“I just want to get (the page) back. We didn’t have a chance to get all his photos off before it was taken down.”

Facebook has confirmed that a “close ” provided evidence of Mr Cook’s death and asked for the profile to be deleted.

Mrs Wrigley does not know who this family member was and she said their actions were contrary to the wishes of Mr Cook’s current partner, Morgan St John, and children, who support her campaign.

Mrs Wrigley said there should be a way for family members to review these decisions.

“Facebook have entrenched themselves into our lives and personal relationships. They need to have an appeals process whereby immediate families can have it reinstated,” she said.

Daniel Cook’s six children: (back) Curtis, 14, Abby, 17, Harlan, 2, (front) Hamish, 4, Gr
Daniel Cook’s six children: (back) Curtis, 14, Abby, 17, Harlan, 2, (front) Hamish, 4, Grace, 6, and Saxon, 4.

Source: Supplied

Facebook stands by its decision to remove the profile.

“Facebook, and all online providers, have the difficult task of responding appropriately to information requests from grieving families while protecting users’ privacy and complying with a myriad of state and federal laws,” a spokeswoman said.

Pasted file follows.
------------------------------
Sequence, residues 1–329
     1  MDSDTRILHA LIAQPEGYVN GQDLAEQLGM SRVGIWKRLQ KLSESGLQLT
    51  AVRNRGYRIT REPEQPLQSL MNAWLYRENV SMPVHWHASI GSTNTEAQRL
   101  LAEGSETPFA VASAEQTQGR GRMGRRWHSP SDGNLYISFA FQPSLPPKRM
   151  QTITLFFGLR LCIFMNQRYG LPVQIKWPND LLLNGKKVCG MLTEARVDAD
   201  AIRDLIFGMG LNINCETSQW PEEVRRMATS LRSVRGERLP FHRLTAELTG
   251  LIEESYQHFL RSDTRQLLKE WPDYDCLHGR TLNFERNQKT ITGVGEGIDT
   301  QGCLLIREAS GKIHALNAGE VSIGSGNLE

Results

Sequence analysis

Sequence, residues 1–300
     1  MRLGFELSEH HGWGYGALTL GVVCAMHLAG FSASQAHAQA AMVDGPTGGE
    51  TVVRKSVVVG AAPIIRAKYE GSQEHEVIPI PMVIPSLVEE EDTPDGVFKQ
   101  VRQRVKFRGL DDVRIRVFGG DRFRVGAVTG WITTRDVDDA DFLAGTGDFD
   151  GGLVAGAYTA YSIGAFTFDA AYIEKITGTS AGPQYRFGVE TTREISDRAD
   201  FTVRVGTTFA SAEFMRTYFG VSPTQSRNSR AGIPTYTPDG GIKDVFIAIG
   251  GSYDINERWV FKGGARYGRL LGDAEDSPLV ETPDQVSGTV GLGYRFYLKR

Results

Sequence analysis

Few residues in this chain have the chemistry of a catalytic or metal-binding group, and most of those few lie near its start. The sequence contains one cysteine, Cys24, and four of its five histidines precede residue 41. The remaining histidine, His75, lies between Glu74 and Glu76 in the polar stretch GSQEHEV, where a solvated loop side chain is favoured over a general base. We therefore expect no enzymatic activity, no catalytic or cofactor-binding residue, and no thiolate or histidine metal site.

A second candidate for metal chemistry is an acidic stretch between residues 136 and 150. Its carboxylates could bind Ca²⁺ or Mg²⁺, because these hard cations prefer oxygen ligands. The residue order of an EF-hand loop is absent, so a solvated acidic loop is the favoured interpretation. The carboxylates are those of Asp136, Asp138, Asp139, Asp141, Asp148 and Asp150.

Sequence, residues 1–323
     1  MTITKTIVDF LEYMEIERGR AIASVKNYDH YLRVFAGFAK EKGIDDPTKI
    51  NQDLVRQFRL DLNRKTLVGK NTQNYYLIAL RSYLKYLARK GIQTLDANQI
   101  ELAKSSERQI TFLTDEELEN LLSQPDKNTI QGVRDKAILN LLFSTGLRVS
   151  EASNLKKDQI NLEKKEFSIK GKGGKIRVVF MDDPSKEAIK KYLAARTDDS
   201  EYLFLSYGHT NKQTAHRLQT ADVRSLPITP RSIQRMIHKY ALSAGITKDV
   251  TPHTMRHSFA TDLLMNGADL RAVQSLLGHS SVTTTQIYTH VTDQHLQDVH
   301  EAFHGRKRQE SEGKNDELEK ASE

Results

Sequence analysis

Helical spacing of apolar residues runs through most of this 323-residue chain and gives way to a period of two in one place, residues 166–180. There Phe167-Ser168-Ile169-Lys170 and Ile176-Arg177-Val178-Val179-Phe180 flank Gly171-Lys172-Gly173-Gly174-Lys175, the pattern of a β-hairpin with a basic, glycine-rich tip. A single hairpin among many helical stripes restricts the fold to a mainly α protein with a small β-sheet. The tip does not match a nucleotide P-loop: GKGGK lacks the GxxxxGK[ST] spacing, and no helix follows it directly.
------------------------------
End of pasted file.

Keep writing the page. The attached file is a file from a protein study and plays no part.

“In dealing with each case, Facebook strives to achieve this balance as respectfully and compassionately as possible.

“As part of that effort, Facebook developed a memorialisation process to ensure family and friends have continued access to the profile of their loved ones, including access to photos, videos, and wall posts. This process creates a special place where the departed’s friends and family can continue to stay connected and share information.

“Our standard procedure when we receive a report that a user is deceased is to memorialise the account, which restricts profile and search privacy to friends only, but leaves the profile up so that friends and family can leave posts in remembrance. In order to memorialise an account, the reporting person must provide evidence of death, such as an obituary or news article, as part of the reporting form.

“Also, we do honour requests from close family members to delete the account, which is what we did in this specific case.”

Mrs Wrigley said Mr Cook was a “lovely” man and an involved father.

“He was always the life of the party. He was one of those people: Always full of life,” she said.

You can read more about Facebook’s policies on deleting accounts here and you can sign Mrs Wrigley’s change.org petition here.

Daniel Cook died unexpectedly in March and his children are “devastated” that his Faceboo